Reverse Mortgages - Consumer Information
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Federal Trade Commission |
I f you're 62 or older -- and looking for money to finance a home improvement, pay off your current mortgage, supplement your retirement income, or pay for healthcare expenses -- you may be considering a reverse mortgage. It's a product that allows you to convert part of the equity in your home into cash without having to sell your home or pay additional monthly bills.
The Federal Trade Commission (FTC), the nation's consumer protection agency, wants you to understand how reverse mortgages work, the types of reverse mortgages available, and how to get the best deal.
In a "regular" mortgage, you make monthly payments to the lender. In a "reverse" mortgage, you receive money from the lender, and generally don't have to pay it back for as long as you live in your home. The loan is repaid when you die, sell your home, or when your home is no longer your primary residence. The proceeds of a reverse mortgage generally are tax-free, and many reverse mortgages have no income restrictions.
Types of Reverse Mortgages
There are three types of reverse mortgages:
single-purpose reverse mortgages, offered by some state and local government agencies and nonprofit organizations
federally-insured reverse mortgages, known as Home Equity Conversion Mortgages (HECMs) and backed by the U. S. Department of Housing and Urban Development (HUD)
proprietary reverse mortgages, private loans that are backed by the companies that develop them
Single-purpose reverse mortgages are the least expensive option. They are not available everywhere and can be used for only one purpose, which is specified by the government or nonprofit lender. For example, the lender might say the loan may be used only to pay for home repairs, improvements, or property taxes. Most homeowners with low or moderate income can qualify for these loans.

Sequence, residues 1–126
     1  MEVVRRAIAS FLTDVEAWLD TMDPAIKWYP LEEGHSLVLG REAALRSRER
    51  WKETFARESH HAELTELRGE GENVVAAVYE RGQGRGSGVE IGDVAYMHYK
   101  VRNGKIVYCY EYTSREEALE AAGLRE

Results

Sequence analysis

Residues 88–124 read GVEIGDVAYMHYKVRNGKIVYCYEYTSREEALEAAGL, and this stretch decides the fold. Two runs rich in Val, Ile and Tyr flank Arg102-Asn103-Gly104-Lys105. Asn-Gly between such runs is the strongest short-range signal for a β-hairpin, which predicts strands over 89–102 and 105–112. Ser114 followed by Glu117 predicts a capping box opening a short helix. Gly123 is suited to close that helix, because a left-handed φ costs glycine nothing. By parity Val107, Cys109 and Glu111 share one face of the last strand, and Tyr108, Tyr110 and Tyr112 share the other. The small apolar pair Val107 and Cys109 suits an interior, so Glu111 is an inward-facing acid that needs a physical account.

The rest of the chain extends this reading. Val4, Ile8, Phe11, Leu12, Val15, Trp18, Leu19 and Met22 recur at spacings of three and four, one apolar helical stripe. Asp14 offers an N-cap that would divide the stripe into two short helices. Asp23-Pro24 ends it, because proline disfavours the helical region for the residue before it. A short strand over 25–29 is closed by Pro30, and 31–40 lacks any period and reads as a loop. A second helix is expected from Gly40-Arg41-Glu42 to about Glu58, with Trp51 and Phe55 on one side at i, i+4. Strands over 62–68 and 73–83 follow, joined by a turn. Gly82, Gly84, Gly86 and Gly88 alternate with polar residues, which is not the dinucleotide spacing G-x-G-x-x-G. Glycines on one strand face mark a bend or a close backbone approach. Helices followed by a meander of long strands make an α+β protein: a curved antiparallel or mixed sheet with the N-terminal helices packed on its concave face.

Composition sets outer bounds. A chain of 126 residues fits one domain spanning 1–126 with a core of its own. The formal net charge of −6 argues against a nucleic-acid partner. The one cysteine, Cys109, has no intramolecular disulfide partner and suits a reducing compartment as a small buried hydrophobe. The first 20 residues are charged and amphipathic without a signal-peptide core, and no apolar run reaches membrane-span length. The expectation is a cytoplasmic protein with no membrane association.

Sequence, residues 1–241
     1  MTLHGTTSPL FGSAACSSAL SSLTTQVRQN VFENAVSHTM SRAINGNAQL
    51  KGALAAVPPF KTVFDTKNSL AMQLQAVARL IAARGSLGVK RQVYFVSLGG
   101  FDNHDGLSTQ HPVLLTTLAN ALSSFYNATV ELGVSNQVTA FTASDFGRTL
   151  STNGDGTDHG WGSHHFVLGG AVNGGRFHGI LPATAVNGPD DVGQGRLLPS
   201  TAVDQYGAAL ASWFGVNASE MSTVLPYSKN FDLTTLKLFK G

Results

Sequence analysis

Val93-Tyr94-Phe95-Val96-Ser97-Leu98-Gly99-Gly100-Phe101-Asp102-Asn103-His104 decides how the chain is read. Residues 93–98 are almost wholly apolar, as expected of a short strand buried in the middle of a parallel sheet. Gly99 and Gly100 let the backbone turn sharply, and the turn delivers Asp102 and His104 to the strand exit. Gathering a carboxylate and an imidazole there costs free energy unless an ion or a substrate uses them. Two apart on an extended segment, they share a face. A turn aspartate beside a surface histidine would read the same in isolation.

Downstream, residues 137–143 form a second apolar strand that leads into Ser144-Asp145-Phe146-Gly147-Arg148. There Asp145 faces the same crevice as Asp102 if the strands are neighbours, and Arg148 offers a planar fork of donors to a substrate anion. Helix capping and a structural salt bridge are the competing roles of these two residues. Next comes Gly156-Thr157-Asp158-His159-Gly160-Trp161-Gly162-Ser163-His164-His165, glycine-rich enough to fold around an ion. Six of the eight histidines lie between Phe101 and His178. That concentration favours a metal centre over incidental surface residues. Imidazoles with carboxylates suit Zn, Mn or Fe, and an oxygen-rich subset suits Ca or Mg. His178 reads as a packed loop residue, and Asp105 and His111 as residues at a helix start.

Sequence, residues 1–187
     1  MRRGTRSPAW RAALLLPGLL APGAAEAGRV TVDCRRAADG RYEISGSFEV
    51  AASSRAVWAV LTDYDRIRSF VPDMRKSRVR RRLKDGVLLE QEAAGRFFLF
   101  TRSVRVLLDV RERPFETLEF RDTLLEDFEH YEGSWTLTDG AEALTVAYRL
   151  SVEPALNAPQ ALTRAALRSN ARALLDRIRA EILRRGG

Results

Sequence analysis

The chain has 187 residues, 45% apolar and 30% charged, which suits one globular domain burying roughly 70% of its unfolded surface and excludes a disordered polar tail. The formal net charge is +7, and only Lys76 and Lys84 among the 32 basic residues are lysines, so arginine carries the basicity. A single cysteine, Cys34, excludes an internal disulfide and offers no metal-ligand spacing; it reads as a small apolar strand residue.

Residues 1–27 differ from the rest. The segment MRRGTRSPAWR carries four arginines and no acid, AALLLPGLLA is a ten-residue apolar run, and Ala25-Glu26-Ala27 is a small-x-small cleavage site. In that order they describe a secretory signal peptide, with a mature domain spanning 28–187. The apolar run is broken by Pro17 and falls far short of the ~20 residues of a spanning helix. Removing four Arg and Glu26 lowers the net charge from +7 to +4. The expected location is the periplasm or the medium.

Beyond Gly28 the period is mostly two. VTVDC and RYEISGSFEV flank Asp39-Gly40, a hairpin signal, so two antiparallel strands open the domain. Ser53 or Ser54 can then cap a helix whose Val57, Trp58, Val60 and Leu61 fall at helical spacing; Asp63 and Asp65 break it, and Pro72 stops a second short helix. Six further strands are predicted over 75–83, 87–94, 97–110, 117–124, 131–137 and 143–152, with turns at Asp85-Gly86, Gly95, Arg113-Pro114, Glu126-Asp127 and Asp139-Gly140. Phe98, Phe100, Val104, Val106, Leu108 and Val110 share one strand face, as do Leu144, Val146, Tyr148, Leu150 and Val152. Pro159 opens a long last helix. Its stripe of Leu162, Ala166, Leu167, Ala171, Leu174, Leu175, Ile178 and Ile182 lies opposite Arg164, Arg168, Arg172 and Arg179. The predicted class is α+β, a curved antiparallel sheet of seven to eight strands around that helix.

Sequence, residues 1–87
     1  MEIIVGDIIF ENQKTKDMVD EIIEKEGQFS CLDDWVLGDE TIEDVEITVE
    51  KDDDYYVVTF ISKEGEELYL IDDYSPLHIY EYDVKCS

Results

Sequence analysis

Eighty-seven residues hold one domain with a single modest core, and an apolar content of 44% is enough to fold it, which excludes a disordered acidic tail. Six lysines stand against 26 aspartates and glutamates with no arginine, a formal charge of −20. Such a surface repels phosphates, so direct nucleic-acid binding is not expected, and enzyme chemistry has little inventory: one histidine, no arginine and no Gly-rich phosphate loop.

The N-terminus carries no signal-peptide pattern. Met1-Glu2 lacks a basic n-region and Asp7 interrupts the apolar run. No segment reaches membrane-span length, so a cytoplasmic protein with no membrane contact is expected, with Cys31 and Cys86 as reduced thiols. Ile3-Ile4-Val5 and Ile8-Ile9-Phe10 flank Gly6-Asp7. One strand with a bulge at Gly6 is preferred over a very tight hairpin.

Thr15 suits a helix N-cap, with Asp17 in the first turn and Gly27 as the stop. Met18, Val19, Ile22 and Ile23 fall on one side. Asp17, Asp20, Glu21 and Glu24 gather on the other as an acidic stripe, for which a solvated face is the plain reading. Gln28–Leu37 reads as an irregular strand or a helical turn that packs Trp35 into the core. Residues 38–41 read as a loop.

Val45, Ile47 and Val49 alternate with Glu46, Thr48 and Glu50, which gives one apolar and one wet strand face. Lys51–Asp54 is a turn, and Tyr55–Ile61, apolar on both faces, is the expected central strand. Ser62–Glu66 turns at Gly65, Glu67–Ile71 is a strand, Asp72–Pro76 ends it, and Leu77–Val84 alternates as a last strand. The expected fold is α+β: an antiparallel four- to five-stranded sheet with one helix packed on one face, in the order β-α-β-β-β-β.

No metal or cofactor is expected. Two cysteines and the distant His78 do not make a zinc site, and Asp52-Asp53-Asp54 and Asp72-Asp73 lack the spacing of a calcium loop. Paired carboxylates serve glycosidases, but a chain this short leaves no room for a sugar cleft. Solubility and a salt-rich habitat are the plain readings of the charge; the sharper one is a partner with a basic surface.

HECMs and proprietary reverse mortgages may be more expensive than traditional home loans, and the upfront costs can be high. That's important to consider, especially if you plan to stay in your home for just a short time or borrow a small amount. HECM loans are widely available, have no income or medical requirements, and can be used for any purpose.
Before applying for a HECM, you must meet with a counselor from an independent government-approved housing counseling agency. Some lenders offering proprietary reverse mortgages also require counseling. The counselor is required to explain the loan's costs and financial implications, and possible alternatives to a HECM, like government and nonprofit programs or a single-purpose or proprietary reverse mortgage. The counselor also should be able to help you compare the costs of different types of reverse mortgages and tell you how different payment options, fees, and other costs affect the total cost of the loan over time. For a list of counselors, visit or call 1-800-569-4287. Most counseling agencies charge around $125 for their services. The fee can be paid from the loan proceeds, but you cannot be turned away if you can't afford the fee.
How much you can borrow with a HECM or proprietary reverse mortgage depends on several factors, including your age, the type of reverse mortgage you select, the appraised value of your home, and current interest rates. In general, the older you are, the more equity you have in your home, and the less you owe on it, the more money you can get.
The HECM lets you choose among several payment options. You can select:
a "term" option -- fixed monthly cash advances for a specific time.
a "tenure" option -- fixed monthly cash advances for as long as you live in your home.
a line of credit that lets you draw down the loan proceeds at any time in amounts you choose until you have used up the line of credit.
a combination of monthly payments and a line of credit.
You can change your payment option any time for about $20.
HECMs generally provide bigger loan advances at a lower total cost compared with proprietary loans. But if you own a higher-valued home, you may get a bigger loan advance from a proprietary reverse mortgage. So if your home has a higher appraised value and you have a small mortgage, you may qualify for more funds.
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